• The post-Brexit policies likely to affect our main competitors in devolved regions and the remaining European Union, and analysis of potential impacts of competitive advantages and market distortions as a result of differing policies
• A full understanding of the validity and possible impacts of the proposals in terms of compliance with the World Trade Organisation Agreement on Agriculture.
The response did recognise merit in some elements of the Welsh Government’s proposals, and that careful evolution of the Glastir and other Rural Development schemes currently in place in Wales could take place in order to introduce appropriate forms of Resilience and Public Goods schemes.
However, in the absence of radical improvements in market returns and reductions in price volatility, the union made it clear that a third Economic Stability Scheme providing financial security for farm businesses and those reliant on agricultural supply chains must be put in place if severe consequences are to be avoided – particularly while producers in other competing countries continue to receive direct support through the Basic Payment Scheme.
The union therefore proposed the creation of
a Policy Reform Group on which core stakeholders are represented – reflecting processes put in place by Ministers under previous Welsh Governments when designing new schemes.
Such a group would initially be responsible for the creation of a Policy Reform ‘Roadmap’, which sets out how current policies might be carefully evolved into schemes which better meet all of Wales’ Wellbeing Goals – which are established in law – while minimising risks of undesirable consequences.
It would also be responsible for setting key milestones; assessing policy developments in terms of Brexit, trade etc.; undertaking modelling to assess impacts and dangers of policy proposals (see figure below) and assessing the manageability of any changes in terms of Welsh Government resources.
It was proposed that detailed areas which should be investigated by such a group would include:
• Improvements to Active Farmer criteria in order to protect and generate jobs and prosperity within the industry and supply chains
• Payment capping at appropriate levels to maximise benefits for Wales and minimise abuses of the system
• Development of Cross Compliance to create more proportionate criteria which better meet environmental, animal health and welfare and economic objectives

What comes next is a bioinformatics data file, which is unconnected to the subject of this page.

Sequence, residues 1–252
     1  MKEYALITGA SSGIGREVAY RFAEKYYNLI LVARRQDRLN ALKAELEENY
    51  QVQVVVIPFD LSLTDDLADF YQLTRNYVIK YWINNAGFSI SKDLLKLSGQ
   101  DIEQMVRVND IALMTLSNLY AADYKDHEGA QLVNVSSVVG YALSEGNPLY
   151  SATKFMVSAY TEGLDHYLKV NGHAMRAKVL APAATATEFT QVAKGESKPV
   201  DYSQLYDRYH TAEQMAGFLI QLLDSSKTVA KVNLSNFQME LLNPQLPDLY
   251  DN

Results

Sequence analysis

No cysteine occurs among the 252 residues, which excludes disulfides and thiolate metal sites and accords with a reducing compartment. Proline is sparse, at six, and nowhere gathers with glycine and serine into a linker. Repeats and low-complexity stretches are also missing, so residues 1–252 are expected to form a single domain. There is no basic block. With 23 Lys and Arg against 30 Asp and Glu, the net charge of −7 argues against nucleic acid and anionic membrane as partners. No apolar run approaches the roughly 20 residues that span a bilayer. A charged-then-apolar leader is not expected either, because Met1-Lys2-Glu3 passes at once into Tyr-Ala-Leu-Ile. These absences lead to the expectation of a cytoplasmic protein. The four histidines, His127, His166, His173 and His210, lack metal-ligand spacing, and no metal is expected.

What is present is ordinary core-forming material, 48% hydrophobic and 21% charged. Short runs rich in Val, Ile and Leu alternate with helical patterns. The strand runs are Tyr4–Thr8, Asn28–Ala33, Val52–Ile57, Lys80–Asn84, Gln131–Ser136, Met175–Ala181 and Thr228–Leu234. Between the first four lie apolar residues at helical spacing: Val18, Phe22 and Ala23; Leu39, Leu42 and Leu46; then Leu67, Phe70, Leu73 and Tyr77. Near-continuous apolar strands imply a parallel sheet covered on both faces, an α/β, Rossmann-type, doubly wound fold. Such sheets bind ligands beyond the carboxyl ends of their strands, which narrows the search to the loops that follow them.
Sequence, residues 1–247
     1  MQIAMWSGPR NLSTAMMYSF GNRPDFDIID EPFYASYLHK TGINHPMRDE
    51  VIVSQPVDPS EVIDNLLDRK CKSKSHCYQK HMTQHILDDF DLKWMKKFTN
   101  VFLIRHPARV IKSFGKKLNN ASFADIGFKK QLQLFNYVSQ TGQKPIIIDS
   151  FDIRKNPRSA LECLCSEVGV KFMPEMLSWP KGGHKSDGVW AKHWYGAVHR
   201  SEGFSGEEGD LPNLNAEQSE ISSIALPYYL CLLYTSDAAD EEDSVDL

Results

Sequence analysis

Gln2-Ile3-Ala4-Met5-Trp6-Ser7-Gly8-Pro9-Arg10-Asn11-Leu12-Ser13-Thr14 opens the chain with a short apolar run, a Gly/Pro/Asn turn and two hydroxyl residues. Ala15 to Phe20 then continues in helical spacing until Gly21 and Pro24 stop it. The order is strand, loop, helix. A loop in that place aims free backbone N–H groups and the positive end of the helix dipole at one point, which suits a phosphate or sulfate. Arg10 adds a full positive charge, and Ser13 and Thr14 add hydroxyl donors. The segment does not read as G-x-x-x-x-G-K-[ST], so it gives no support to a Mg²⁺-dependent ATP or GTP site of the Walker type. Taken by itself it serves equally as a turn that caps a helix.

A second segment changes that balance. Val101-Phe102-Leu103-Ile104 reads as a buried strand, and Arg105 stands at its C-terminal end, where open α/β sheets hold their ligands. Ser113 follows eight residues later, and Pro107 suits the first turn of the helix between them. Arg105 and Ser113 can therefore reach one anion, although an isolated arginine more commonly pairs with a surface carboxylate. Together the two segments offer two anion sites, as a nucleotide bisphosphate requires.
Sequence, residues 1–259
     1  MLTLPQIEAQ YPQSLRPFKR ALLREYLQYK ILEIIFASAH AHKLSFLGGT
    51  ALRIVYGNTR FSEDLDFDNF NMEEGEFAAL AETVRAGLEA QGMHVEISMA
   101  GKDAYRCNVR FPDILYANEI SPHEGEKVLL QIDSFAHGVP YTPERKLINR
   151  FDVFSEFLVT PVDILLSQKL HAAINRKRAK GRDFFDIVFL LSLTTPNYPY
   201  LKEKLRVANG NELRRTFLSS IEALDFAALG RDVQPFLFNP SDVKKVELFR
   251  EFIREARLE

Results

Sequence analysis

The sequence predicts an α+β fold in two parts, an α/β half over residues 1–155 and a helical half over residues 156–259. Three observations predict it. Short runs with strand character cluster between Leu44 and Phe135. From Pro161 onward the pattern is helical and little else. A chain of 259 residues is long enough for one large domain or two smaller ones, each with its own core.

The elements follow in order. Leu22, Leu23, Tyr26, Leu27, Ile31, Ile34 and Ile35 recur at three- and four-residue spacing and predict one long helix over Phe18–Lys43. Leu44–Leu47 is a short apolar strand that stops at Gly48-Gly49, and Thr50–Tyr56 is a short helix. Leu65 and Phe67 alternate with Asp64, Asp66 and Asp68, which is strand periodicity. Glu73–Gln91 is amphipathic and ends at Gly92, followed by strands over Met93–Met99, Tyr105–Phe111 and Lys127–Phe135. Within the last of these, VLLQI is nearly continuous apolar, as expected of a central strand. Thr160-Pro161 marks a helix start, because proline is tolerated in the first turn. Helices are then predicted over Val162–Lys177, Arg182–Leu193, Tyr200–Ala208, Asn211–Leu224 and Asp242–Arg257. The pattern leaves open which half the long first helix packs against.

• Ensuring a Public Goods scheme has options which are accessible to all farmers, and does not result in discrimination
• The consideration and, where appropriate, development of other policies and interventions, such as private storage aid; insurance, new entrant and retirement schemes.
The FUW’s consultation response covers a host of other issues, including tenancy issues, taxation, animal health and the Welsh language to name but a few, and a full copy of the response can be found on the FUW’s website or requested from your local FUW office.
The closure of the Welsh Government’s Brexit and our Land consultation on October 30 marks just one step in a lengthy process which will involve further consultations – one is due to be published in the spring – as well as a host of parallel process.
Some of these are well underway, including the ongoing scrutiny of the Agricultural Bill which was introduced to the UK Parliament in September and is of direct relevance to any policies introduced by the Welsh Government.
The FUW has already presented written and oral evidence to Parliament and the Welsh
Assembly highlighting numerous concerns about the Agricultural Bill, and has supported 19 proposed amendments, including one which would legislate for the fairer distribution of red meat levies between devolved levy bodies.
We also continue to work closely with other bodies and organisations which have common objectives and concerns to our own regarding the development of Welsh policies, and in particular are committed to working in alliance with NFU Cymru to deliver policies that conform to the principles outlined in the ‘Welsh Wales Forward’ paper launched in October.